Jan 06 2015
By Clay Newcomb
Bear hunting is a great hunting venue for being able to pursue your passion in two separate seasons throughout the year – spring and fall. However, bears are sleeping right now and the sows are rearing cubs that have just been born. It’s a magical time with the vast majority of black bear cubs being born in January weighing less than one pound. Bears have a 60-day gestation period that usually begins in early November.
River and Shepherd Newcomb with 'Red' the catch dog near Fouke, Arkansas on January 4th, 2015.
That being said, few hunts are as exciting in the off-season as a southern Arkansas hog hunt. A good friend of mine, Samuel Bumgardner, is a serious hogman and has some topnotch dogs. The hog problems across the south are significant and these guys do their part every year to help. A small percentage of hog hunters have given the sport a bad name by catching and releasing feral hogs into new areas. The Arkansas Game and Fish Commission has passed new legislation in attempt to stop the catch-and-release issue in Arkansas. Hopefully, it will help.
The 'Hog Whisperer' himself, Samuel Bumgardner, getting ready to go after a hog.
The intent of the trip was to try to shoot a boar with my traditional bow. However, many variables exist in a bowhunt for hogs using dogs. The first variable is if you even catch a hog. Sometimes it seems like using dogs makes the hunt a gimme, however, hogs are smart, fast and tough. A recent three-day rain had the river bottoms full of standing water making for difficult trailing conditions. As well, if the dogs bust a big group of hogs they often will split up, each dog chasing a different hog. Without several hounds on its trail it’s much harder to bay.
A Bald Eagle's nest along the Red River.
The second variable should you bay a hog, is the vegetative cover. The hogs love to run in the nastiest thickets they can find and sometimes you just can’t get a shot with a bow.
Eleven-year-old, River Newcomb, with her 175-lb dry sow that she harvested with a bowie knife. A knife is a safe and effecient tool for dispatching caught hogs.
The third variable is if the hog is caught or if it’s bayed. In most situations, they turn our their catch dogs at the last minute that dive-bomb hog, latching onto its ear. If the hog is bayed in open terrain, you may not have to use the catch dogs. This situation would be perfect for the bowhunter. With a catch dog on the hog, an arrow runs the risk of hurting the moving hound.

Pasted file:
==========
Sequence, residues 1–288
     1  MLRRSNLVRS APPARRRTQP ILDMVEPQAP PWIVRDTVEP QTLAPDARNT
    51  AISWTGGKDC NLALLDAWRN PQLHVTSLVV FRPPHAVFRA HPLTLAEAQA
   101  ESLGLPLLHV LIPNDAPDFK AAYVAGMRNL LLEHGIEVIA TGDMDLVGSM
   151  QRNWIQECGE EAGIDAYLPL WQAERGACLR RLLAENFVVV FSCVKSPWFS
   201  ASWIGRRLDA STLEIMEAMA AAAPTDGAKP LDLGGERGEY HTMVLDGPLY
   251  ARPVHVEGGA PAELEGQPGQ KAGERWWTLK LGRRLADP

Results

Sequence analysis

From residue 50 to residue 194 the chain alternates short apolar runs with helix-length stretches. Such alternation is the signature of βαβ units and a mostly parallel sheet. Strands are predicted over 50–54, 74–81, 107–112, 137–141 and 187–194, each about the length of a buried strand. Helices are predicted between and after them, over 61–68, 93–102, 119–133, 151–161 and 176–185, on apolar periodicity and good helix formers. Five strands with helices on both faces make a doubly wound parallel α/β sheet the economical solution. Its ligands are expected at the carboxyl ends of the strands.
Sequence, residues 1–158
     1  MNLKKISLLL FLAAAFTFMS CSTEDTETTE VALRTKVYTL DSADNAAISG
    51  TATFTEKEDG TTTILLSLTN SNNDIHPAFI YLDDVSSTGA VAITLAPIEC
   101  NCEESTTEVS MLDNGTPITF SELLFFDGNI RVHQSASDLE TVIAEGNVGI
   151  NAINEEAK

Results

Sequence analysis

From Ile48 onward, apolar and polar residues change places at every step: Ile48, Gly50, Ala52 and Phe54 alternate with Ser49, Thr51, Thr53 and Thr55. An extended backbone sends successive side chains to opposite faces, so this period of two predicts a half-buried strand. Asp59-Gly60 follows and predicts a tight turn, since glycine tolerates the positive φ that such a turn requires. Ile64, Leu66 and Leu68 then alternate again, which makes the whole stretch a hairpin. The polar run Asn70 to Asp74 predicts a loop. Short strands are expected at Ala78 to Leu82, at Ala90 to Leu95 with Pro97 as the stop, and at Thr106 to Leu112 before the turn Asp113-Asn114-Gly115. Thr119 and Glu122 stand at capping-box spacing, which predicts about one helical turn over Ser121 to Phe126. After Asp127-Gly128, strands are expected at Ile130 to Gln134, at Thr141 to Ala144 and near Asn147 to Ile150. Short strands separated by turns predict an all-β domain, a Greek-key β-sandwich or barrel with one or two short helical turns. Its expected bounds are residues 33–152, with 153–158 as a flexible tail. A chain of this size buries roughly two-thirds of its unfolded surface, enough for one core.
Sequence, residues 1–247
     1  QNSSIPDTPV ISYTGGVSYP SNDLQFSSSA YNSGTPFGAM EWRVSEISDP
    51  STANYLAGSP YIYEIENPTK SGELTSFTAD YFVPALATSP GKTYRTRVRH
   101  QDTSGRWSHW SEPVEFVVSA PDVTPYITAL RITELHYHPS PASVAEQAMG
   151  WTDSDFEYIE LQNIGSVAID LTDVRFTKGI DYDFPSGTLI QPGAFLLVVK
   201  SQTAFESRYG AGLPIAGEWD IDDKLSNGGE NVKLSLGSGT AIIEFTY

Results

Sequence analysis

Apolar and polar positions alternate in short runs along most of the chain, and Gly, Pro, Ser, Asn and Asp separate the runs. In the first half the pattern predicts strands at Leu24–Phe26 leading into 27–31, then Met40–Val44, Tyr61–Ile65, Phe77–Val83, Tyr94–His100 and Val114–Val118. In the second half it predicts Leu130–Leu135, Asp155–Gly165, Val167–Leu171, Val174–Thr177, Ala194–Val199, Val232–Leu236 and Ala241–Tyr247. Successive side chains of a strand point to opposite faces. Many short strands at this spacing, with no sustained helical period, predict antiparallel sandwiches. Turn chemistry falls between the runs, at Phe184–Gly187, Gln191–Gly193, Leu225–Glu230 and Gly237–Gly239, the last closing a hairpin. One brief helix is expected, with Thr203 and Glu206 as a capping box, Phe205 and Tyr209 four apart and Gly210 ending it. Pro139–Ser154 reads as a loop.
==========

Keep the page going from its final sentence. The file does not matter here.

All the guys that were on the hunt.
We hunted all day Saturday and had two good races, but no hogs. We actually saw two big boars that we never caught. One of the pigs was lost in the flooded timber, as the dogs just couldn’t work out the track. The second pig ran like the wind and was extremely difficult to bay. Samuel ended up catching the dog long after dark, still on the track of the hog.
On Sunday morning, we didn’t have long to hunt, but went to a 2,100-acre cattle farm in Miller County, Arkansas near Fouke. We didn’t see the famed Fouke Monster, but we did catch a good hog (www.foukemonster.net). I brought with me on the hunt my 11-year-old daughter, River, and my six-year-old son, Shep. When we got to the bay it was clear that a bowshot was out of the question because the catch dog was on the hog. The action is intense and quick when a hog is bayed. The longer the dogs are on the hog the better chance they’ll get hurt or the pig will get away. Samuel, knowing I couldn’t use the bow, hollered for River to “get in there with that knife”. We had brought along a 10-inch custom-made “pig sticker” bowie knife just in case this happened (www.schultzcustomknives.com). We hadn’t prepped her and she thought she was just a spectator until her name was called!
She jumped in there like a pro and made quick work of the hog while Samuel and his good buddy, Cole, secured the hog. Later she told me, “Daddy, my legs started to shake before I jumped down there with the hog!” Samuel calling her out made her season. It was a short, but fun hunt and we’ve got some great, organic pork for the rest of the winter.
Thanks to the ‘Hog Whisperer’ Samuel Bumgardner for having us down to hunt.
Now back to planning for spring bear season.